2. Lindsay Durkin

    I also found this article very interesting, and your post just as interesting. It is a harsh reality that “do what you love and the money will follow” isn’t quite as promising as we once thought it was. I myself have been struggling with this for the past 5 years of my life. When I started college I had NO idea of what I wanted to do with my life, but my parents thought I should enroll as a business major and so I did. I had no interest in business – as a matter of fact I HATE math, but my mom knew how important financial stability would be for me after I graduated that she went with the “go to” money maker occupations (Doctor, Lawyer, Business, etc). Half way through college I took a year off because I hated what I was learning – I wasn’t passionate about it at all and had no interest in continuing to waste my time on an occupation I would never want to spend the rest of my life doing. Now I’m an English major – like the rest of you, hoping to teach English… and once again financial issues present themselves as a major road block. We all know as teachers we won’t be making the best money, and even as a student working every day I am not in class – I still struggle to pay my bills. Once school ends, and paying off my financial loans begins, I don’t even know what I am going to do. This may be a rant, but it seems that financial issues most of the time stand in the way between what people actually want to do, and what they can afford to do. In order to get a degree thousands of students send themselves into serious debt. They hope the degree will get them the job they have always wanted…but that just isn’t the case. I’m not really sure what we tell our students in this case. We can’t lie to them, because I feel like all of my life I have been told that if you work hard and earn your degree that you will be able to earn a decent living…and that’s not the reality for so many people.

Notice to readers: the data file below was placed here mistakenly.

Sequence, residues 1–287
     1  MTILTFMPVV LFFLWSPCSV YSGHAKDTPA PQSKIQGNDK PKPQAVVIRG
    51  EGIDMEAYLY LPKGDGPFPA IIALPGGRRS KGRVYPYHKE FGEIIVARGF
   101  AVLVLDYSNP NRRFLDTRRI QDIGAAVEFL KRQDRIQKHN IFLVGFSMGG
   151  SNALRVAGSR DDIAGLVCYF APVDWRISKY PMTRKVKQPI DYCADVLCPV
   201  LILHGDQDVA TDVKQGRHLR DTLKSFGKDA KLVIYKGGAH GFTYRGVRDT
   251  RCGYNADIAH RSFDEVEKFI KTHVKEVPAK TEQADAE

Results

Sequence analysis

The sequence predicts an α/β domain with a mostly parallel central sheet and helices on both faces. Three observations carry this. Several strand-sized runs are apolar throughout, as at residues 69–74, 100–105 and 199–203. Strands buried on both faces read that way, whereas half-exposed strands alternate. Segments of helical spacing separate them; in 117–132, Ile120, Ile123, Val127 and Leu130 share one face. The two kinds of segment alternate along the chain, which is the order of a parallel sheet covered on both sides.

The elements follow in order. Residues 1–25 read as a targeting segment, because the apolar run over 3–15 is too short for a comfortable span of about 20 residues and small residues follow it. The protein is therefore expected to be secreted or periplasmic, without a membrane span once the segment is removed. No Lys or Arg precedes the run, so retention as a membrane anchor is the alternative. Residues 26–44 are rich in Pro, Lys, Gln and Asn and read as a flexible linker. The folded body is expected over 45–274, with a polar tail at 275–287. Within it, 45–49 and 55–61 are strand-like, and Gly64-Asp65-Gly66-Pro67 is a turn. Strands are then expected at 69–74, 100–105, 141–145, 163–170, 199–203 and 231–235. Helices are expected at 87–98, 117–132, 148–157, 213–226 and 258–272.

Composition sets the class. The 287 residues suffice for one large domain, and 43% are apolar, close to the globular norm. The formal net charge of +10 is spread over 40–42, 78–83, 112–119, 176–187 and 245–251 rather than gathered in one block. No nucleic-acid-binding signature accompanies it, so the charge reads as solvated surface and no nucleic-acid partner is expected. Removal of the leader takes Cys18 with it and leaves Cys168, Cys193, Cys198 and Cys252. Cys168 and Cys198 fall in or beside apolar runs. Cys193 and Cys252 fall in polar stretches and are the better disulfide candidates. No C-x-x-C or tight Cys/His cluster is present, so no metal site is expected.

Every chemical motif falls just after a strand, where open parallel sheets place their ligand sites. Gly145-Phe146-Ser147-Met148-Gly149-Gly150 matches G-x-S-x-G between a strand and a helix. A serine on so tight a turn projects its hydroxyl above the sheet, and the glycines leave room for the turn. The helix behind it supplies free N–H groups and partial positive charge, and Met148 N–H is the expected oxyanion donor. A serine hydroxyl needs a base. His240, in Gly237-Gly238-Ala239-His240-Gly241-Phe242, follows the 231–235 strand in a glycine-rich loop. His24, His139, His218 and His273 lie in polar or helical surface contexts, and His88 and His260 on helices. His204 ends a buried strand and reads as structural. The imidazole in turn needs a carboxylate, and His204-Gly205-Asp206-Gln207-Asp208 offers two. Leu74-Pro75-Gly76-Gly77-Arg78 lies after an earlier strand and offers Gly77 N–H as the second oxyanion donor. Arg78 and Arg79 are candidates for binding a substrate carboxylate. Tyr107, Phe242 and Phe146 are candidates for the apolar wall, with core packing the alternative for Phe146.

3. My perspective on following your dream career is similar, I always say it’s better to do what you love and know that you won’t get sick of the career in a short few years. As oppose to doing something that is extremely lucrative but makes you dread going to work. I think that teachers should still encourage students to go for their dream careers or careers they went to college for.
    However I also believe that they should tell them instant gratification in this economy unlikely for less needed jobs. Yet if they work towards their career of being talk show host by starting as a reporter or journalist they are still doing something meaningful and worth while as well as connected to the career they want pursue. The truth should be respected and should also be looked at as preparation for the real world, because no one will beat around the bush if they feel you are not qualified for the position.

  4. mofulco

    I found this article very important. Being a college student, especially one on a path to education, is a scary path, considering the money may really never follow. However, I think the important thing to do is to encourage students to explore all the options, and to provide them with every piece of reality. However, I also find it important to remind them that following your dreams is often the happiest path, though maybe not the most financially rewarding. And in the end, whatever the student’s decision is, I think it is important that a teacher do his or her best to prepare their students for the real world.